Paco is a senior care device and app that enables the elderly to feel safer while exploring the world around them.  
My Role
Product Design, Motion Design, User Research, Usability Testing
March - May 2019


The Device
The App
The app has two parts, one part for the senior and the other part is for their caregivers. The caregivers can help the senior setup Paco and they are the target users for the app. 
For the senior
The senior part of the app requires setup, and since they are the target users for the Paco device, caregivers can also help set up the app.  
For the caretaker
The caregivers are the target users for the app. They can use the app to track the location of the senior and receive alerts from the senior.  


The Situation
The elderly especially those who live in the suburbs of the US as foreigners, tend to feel very lonely. There are many reasons that lend to their loneliness; they don’t speak Ennglish, most of them can’t drive, and when they go out they are afraid of getting lost or falling down. So they rely on their children or caregivers to take them to places but most of the time they are at home by themselves. Therefore I wanted to create a design that helps them overcome the fear of going out of their houses and explore the world around them.
The Problem
There are medical devices like Medical Alert and Lifeline by Philips, that enable fall detection and come with a support center, but for the elderly who doesn't speak English, the instructions for these devices seem very complicated to follow and although they are connected to the support center, they can't really communicate their needs. Often times they are concerned about activating the medical devices because they are afraid of accidentally sending false alerts. Knowing these constraints, I wish to come up with a medical device design that is more intuitive and overcomes the language barrier.


​I observed my grandma’s daily life and how she used technology. I also stayed with her and her friends from the senior care center for half a day. Here are some findings:

•  They prefer using a
landline over a smartphone to communicate with others.
•  They can use
easy to operate devices like the television, massager that only require them to press physical buttons.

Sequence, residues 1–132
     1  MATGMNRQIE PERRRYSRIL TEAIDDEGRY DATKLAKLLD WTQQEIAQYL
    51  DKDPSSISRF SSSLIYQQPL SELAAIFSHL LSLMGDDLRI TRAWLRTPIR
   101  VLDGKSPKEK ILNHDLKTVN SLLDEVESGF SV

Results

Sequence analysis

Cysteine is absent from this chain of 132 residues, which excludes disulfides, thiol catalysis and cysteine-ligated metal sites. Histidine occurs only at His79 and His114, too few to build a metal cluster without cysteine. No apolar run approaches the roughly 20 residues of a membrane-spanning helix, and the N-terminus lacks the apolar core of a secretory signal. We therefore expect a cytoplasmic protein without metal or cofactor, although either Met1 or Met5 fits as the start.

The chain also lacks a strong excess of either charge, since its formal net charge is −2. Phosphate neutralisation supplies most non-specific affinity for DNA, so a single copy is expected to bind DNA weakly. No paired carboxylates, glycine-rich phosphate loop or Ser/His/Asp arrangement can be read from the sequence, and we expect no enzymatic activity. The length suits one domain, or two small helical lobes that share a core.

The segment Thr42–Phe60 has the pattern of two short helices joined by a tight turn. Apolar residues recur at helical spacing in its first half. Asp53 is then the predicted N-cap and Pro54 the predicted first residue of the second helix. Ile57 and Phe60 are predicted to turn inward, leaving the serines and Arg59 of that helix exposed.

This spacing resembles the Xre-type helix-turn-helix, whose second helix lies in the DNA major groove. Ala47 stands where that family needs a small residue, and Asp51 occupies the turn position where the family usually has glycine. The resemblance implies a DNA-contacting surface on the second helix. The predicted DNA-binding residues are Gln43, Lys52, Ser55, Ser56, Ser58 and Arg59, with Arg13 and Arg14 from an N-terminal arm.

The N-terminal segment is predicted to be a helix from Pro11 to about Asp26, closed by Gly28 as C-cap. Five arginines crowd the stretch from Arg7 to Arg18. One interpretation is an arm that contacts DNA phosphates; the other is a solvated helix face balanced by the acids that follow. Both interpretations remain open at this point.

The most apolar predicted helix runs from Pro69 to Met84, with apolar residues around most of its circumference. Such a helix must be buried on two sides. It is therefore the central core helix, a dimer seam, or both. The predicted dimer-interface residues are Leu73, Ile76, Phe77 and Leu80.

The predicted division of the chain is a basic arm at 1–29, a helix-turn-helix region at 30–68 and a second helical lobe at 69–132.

•  They can answer phone calls but
rely on their children or caregivers to reply to important phone calls because they are afraid that they might miss important information.
•  They can walk around but are limited to places near the house.
•  They
rarely use smartphones, but they carry smartphones when going out because they are concerned that their children or caregivers might contact them.
•  They check messages from family members but don’t send messages themselves.
•  They
show barely any interest in new technology that looks complicated.
• They have quite rigid routines and they don’t like to change their diet or daily activities.
I interviewed 5 elderly and their caregivers from the senior care center in NJ, here are some quotes:
“ I rely on my daughter to take me to places because I am afraid I might get lost, I hope there is a way to show my family my location all the time.”
 - Ms Wu
“ I pay a lot of attention to my health, I beg the buddha to bless me with good health, I am afraid of falling, I hope I will stay in good health.”
 - Ms Hu
“ I am here to help my daughter take care of her family. When I am not needed, I feel useless and lonely.
 - Mr Lin
I compiled the research findings, based on the insights from user research and interview, I came up with 2 personas.


I tested the design of the wearable device, the feedback I received for the initial prototype is that people wish to wear it as a bracelet instead of brooch and they like the texture of the design but they think the design is quite ordinary. For the final prototype, people think it looks nice, the button design is intuitive, nothing seems too complicated about it. 
The Device
Initial Prototype
Final Prototype
The initial design of the app is to allow the elderly to send requests to caregivers when they want to go out, caregivers can then order taxis for the elderly and track their location. The feedback I received after usability testing is that it is very similar functionality-wise to Uber, but the elderly don’t use Uber to get to places, therefore, this feature may still a bit too complicated for the elderly to use.
The App

Final Solutions

Main Features
Location Tracking
Caregivers can see where the elderly are to ensure their safety when needed.
Alert Sending
The elderly can press the alert button to send alert messages to their caregiver's phone when they need help.
Call Answering
Caregivers call the elderly to check on their situation and chat with them.
The final design of the app is mainly for caregivers to track the elderly’s location, receive alert messages and check on the elderly. Considering that most elderly are not used to using smartphones, the caregivers can help setup Paco for the elderly, the interaction for the elderly is mostly on the device in order to avoid complicated operation on the smartphone and make the Paco as easy to use as possible.

© 2020 by Queena Wang.